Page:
We also strongly recommend you make sure your device is insured and purchased with a warranty.
Who pays for the apps?
All iPads now come with a copy of Pages, Numbers, iMovie and Keynote at no additional charge.
PGS has identified a ‘nucleus’ of apps that may be used across all academic departments. Careful consideration has been given to the nucleus of apps so that they are suitable for a range of devices and, wherever possible, are not exclusive to iPads. These will be provided to pupils’ devices, via our mobile device management system.
Departments will identify a limited number of additional subject-specific apps that pupils will be required to download. The number of apps will be carefully monitored and controlled to ensure that the costs are limited and the benefit of any purchase is justified.
Pupils will be free to load up whatever apps they choose on their own device – for free or paid for by themselves.
How best can devices be security marked?
Apple devices can be purchased with laser etching when ordered online through the Apple store.
What happens if I can’t afford a mobile device?
We want this to be an inclusive scheme and hope that no child will be excluded from the programme because of their financial circumstances. If parents would like to discuss the possibility of assistance, they should contact the Bursar, Mr Simon Merriam, directly.
Why doesn’t the school fund the provision of iPads for its pupils?
Evidence from other school studies highlights both practical and learning benefits of pupils owning their device. Personal ownership has the advantage of removing the learning boundaries between school and home which can increase motivation and engagement. Devices can be personalised according to particular subjects studied or learning needs. All studies demonstrate that pupil-owned devices last considerably longer and are looked after far more carefully.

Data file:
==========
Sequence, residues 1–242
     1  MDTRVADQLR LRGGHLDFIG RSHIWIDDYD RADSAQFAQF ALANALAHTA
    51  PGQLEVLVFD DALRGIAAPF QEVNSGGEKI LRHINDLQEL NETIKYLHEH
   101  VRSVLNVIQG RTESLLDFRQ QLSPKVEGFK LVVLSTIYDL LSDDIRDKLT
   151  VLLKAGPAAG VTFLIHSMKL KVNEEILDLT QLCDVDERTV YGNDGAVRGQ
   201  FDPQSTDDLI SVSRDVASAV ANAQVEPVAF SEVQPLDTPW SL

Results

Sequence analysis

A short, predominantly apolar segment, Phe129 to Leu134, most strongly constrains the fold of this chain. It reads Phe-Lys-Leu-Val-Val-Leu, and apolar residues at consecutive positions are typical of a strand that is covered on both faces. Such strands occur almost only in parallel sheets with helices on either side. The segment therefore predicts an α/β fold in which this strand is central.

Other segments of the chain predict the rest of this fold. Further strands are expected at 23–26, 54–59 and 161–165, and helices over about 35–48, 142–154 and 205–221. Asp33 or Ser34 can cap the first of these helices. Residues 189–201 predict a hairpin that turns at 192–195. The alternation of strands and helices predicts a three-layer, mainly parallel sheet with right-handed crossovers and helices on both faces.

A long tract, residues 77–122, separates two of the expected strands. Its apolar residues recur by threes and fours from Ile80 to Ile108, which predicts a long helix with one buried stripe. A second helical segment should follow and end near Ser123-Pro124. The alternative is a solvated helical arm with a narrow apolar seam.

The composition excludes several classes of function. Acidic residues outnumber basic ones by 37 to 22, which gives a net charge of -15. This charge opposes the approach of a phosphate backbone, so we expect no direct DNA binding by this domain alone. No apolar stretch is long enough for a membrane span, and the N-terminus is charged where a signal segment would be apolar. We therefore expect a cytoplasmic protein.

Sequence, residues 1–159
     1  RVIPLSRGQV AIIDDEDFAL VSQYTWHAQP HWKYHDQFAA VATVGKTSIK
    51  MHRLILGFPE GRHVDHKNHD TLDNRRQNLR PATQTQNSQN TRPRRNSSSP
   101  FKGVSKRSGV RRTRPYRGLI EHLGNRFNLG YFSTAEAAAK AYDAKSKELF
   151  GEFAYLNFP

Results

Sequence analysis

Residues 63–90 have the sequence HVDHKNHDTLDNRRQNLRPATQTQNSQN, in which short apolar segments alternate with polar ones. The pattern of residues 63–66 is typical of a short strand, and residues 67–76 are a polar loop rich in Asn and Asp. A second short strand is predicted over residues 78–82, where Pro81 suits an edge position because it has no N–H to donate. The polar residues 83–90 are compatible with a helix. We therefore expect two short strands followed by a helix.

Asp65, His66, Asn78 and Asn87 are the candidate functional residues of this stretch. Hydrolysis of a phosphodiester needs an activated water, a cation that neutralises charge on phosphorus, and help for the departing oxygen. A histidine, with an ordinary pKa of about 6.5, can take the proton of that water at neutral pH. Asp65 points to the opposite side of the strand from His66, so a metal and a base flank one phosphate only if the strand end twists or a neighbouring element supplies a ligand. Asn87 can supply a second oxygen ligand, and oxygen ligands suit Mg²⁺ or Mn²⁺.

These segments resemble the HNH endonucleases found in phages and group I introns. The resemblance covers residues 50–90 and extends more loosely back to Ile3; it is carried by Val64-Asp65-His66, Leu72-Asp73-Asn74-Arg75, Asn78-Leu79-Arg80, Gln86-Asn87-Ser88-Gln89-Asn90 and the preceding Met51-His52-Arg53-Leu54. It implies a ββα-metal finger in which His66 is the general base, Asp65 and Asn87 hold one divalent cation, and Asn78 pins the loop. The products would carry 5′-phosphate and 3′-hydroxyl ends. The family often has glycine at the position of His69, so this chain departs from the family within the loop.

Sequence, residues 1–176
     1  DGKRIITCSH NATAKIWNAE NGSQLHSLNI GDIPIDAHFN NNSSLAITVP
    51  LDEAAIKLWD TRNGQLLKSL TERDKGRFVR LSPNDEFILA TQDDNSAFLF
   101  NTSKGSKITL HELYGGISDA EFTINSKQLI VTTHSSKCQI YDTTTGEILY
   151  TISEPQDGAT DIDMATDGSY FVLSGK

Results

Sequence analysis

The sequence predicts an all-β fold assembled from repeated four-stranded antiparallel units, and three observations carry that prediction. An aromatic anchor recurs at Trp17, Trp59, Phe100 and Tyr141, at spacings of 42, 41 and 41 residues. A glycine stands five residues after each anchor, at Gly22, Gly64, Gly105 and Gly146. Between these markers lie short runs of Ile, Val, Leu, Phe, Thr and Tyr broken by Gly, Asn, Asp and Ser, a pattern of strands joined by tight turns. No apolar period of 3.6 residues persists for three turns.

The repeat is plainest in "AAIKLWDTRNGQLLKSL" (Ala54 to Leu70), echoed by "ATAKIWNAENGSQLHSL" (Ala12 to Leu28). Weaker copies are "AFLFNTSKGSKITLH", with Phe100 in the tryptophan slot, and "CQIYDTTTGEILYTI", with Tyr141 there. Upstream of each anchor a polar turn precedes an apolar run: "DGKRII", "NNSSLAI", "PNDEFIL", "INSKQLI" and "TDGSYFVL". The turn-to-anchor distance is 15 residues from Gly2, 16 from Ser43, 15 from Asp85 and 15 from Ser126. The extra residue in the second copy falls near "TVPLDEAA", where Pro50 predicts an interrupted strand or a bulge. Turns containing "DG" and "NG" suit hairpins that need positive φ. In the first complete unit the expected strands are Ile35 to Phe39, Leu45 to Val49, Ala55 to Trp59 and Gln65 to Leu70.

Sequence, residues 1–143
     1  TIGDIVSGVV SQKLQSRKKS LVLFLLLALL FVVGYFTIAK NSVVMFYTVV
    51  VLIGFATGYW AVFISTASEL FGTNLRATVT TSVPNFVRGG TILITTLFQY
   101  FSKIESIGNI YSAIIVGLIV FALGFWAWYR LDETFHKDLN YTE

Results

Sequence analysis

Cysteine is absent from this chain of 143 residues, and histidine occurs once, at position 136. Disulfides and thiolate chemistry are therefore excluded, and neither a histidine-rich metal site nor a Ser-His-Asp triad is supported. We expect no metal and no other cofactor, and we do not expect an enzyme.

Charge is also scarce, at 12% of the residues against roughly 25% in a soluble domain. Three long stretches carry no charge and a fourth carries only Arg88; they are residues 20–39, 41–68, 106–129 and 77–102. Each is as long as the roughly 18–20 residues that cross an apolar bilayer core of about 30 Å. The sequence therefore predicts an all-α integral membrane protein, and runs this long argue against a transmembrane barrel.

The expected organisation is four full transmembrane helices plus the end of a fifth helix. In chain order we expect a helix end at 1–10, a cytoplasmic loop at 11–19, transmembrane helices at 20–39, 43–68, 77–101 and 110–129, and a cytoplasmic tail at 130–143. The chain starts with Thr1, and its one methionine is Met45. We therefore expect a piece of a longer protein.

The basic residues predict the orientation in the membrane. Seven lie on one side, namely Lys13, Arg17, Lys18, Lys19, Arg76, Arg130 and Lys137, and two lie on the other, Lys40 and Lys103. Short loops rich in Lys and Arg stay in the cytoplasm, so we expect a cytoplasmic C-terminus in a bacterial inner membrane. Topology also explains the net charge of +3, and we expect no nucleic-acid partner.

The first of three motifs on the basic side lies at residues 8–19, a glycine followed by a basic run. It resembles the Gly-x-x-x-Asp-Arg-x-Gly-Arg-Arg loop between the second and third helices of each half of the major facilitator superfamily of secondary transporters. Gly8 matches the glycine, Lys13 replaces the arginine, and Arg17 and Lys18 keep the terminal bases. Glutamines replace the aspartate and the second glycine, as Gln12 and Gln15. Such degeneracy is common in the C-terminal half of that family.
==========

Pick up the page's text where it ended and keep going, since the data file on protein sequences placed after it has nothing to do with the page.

Managing the use of mobile devices at school
How can pupils’ usage be managed?
The School will require all pupils to register their device with PGS and download VMware Workspace ONE UEM, the school’s mobile device management system. This will enable the School to restrict some usage of the device whilst pupils are on the school site and connected to the network. We would strongly encourage parents to establish some level of control of the device at home. For iPads, Family Sharing enables parents to exert a reasonable degree of supervision and monitoring. The school is also trialling the use of Apple Classroom as a further process for the management of iPads.
What about Internet safety?
Pupils have lessons on e-safety and we expect pupils to use the devices safely and responsibly. The apps available on the iPad are regulated by Apple and access to the Internet via our Wi-Fi system is filtered. The School has age appropriate filtering provided by a Watchguard firewall. These filters will block access to any inappropriate content while the device is used on the school network (but not if they have a device which accepts a SIM card). Parents are free to determine how restrictive their child’s access is at home. We recommend that parents also use the parental controls that the device offers. Advice on how to do this for iPads can be found on the Apple website.
Even though the iPads are pupil-owned, the school has a responsibility to manage pupil use of devices through the School’s Wi-Fi system, thereby ensuring safe and appropriate use at School. Pupils sign an ICT Acceptable Use Policy, which is countersigned by parents and instances of inappropriate behaviour when using the devices will be dealt with in much the same way as inappropriate behaviour of any other kind, according to the School’s sanctions.
iTunes accounts are restricted to persons over 13 years of age. How does this affect the use of the iPad?
There is a significant amount of advice on the Apple website. In particular, there is the Parents’ Guide to iTunes in the App Store section of the iTunes store.
iTunes accounts are restricted to people aged 13 and over and this is one of the reasons we are not introducing iPads at this time to Years 7 & 8. Apple recommends that users aged 13 – 18 read through the terms and conditions with their parents. The use of Family Sharing enables a family to establish a group and activate different levels of access and control according to the age of the user.
iTunes cards can be purchased. These can be used by pupils without the need to access passwords or credit card details and may be the better choice.